By William Ramirez
The Rogue Festival this year is hosting five magic acts. Among those acts you’ll find magicians with different performance styles. Martin is a street magician who relies on people walking by for his audiences. Elder is more a traditional magician who offers ticketed shows inside established venues.
While their styles differ, both came to magic as a refuge. Martin found it to be a way to work for himself, something he desperately needed due to his fatigue and pain caused by his congenital myasthenic syndrome, a neuromuscular transmission disorder. Elder fell in love with the art when his grandfather, who was sick with cancer, bought him a simple coin trick from a magic shop in San Francisco.
They come from different magic worlds.
Martin mastered his craft in the magic community of San Francisco, which he said has a “divided” magic scene.
That divisiveness led him to opt for the stage name “Chase The Entertainer” rather than “Chase The Magician.”
“I don’t typically get along with (traditional) magicians,” Martin said. “Most magicians I have met don’t seem to enjoy themselves, and that’s beyond me, because I’m doing this because I think it’s fun.”
That impression comes from what he described as a very competitive magic scene, which makes it difficult to find camaraderie within that community. He saw that competitiveness frequently as an employee at a magic shop when he was 19.
“Everybody was always so eager to always be the smartest guy in the room, to one-up their competitors,” Martin said.
Editor’s note: Author William Ramirez is a senior print journalism major at Fresno State. To celebrate the Rogue Festival, I’m excited to include work from students in my advanced editing class on The Munro Review.
His experience with street performers and circus acts has been the complete opposite. To him, there is no competition, even with performers who work right next to each other on the street.
The street performers work around each other’s shows, making sure that they never hurt each other’s crowds.
Performers have sacrificed street time so Martin could make his rent, and even removed hecklers that were disrupting his performance, including a preacher.
“Out on the street, I’ve always felt like the San Francisco street performers, we’re a family, we look out for each other. I’ve never gotten that vibe from the San Francisco magic scene.”
To Elder, who has spent his entire magic career in Fresno community, Martin’s observations about traditional magicians come as a surprise.
Fresno, obviously, is a very different environment than San Francisco. In Fresno, there aren’t street performers. Elder said they are usually removed quickly by the police.
He is president of the Fresno Magic Club. To him, divisiveness within the magic community has not reared its head in Fresno or anywhere else he has been.
“We all get along, we all help each other and some of my best friends are in that group,” Elder said of Fresno’s magic community.
And Elder is doing his best to make sure that any magician, street or traditional, is made to feel welcome.
“[The Fresno Magic Club] always makes an effort to reach out to them, invite them if they are going to be in town during our meeting, or any of the lectures we have,” Elder said. “We try to be very welcoming, and help them out any way we can.”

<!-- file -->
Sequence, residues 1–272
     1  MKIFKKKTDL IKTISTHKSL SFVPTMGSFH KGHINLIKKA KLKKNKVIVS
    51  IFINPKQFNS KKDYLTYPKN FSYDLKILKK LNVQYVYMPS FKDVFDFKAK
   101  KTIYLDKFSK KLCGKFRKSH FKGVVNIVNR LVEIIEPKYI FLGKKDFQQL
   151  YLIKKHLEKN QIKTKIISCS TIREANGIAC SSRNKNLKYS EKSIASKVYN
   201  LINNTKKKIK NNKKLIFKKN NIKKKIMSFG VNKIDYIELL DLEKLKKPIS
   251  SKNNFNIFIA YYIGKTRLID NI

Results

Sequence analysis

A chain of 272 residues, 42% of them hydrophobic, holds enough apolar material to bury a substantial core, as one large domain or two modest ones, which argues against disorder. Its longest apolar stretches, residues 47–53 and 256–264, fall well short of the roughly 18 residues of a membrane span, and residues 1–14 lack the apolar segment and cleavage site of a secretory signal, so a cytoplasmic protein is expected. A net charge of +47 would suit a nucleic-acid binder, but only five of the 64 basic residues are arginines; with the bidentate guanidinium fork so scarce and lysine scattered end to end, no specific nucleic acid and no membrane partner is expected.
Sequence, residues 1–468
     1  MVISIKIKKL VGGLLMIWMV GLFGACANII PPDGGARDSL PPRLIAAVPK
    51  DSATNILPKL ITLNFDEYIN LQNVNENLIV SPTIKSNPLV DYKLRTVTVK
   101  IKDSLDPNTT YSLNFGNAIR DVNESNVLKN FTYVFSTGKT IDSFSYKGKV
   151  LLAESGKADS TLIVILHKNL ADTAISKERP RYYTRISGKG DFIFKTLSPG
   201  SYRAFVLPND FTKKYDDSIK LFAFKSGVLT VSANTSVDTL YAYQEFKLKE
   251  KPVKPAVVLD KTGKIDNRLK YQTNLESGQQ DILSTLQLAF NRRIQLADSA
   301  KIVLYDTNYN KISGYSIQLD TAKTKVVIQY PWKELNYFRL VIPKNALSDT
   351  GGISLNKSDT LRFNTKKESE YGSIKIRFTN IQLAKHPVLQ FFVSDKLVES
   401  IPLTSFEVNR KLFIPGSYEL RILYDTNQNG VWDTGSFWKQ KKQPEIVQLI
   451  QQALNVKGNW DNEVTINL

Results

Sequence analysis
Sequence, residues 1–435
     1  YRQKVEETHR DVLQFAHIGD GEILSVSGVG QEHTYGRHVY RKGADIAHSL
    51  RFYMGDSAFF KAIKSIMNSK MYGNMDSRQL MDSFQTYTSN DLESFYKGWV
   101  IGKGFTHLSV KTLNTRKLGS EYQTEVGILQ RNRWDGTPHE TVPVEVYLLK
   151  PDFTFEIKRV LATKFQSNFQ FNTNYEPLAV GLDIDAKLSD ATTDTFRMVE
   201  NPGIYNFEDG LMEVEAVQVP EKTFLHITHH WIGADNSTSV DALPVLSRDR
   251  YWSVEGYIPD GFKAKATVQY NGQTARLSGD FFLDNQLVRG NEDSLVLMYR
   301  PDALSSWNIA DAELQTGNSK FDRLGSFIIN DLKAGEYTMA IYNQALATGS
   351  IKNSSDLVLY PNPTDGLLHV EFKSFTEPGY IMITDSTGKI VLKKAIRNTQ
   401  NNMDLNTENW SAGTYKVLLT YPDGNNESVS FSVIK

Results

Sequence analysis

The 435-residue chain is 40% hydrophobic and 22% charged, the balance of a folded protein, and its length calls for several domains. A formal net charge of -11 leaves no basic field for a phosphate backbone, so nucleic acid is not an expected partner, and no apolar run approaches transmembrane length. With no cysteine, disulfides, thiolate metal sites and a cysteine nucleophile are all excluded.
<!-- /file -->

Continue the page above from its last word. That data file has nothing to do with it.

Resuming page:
The two men, while having a very different outlook on the magic scene, still respect one another’s styles.
“Street magic is the oldest form of magic,” Elder said. “To make a decent living on the streets, you have to have great crowd management skills,and know how to draw a crowd, and keep the crowd.”
Martin acknowledged how difficult it can be for traditional magicians to sell tickets, and he respects those who are able to make a living from ticket sales. Respect can even evolve into envy.
“There’s always been a little bit of jealousy when I see those guys that are doing two shows a month in theaters,” he said. They sell these tickets, they have these resumes, and they’ve been here, here, here and here.”
Martin also that his own career is heading toward traditional, indoor performances. He knows that with his disability, he will not be able to handle the physical strain of performing outdoors forever.
But he takes pride in what he does. Both Martin and Elder do. They understand the struggles that the magic community is facing.
In separate interviews, both used the same example to illustrate how difficult it can be to draw a crowd as a magician. The saying is that people are quick to declare that “magic is not for me” after seeing one bad show, but they would never say “music is not for me” after seeing one bad musical performance.
Elder believes there is no easy solution to this. All the community can do is make sure talent is recognized and that people continue to work together to help magic grow.
Martin had never met the other four magician performers that will be at the Rogue before he arrive, but he said he wasn’t coming with any predetermined notions.
Perhaps in Fresno, the differences between street and traditional magicians will vanish faster than a rabbit in a hat.
“Magic of Elder,” featuring Kyle Elder, plays 10 p.m. Friday, March 9, and 6:30 p.m. Saturday, March 10, Vista Theater, 1296 N. Wishon Ave., Fresno. Tickets are $10 ($3 Rogue wristband required).
“Street Magic Live!”, featuring “Chase the Entertainer” and “Frisco Fred,” plays 8:30 p.m. Friday, March 9, and 1:45 p.m. Saturday, March 10, Spectrum Art Gallery, 608 E. Olive Ave., Fresno. Tickets are $7 ($3 Rogue wristband required).
To subscribe to the email newsletter for The Munro Review, go to this link: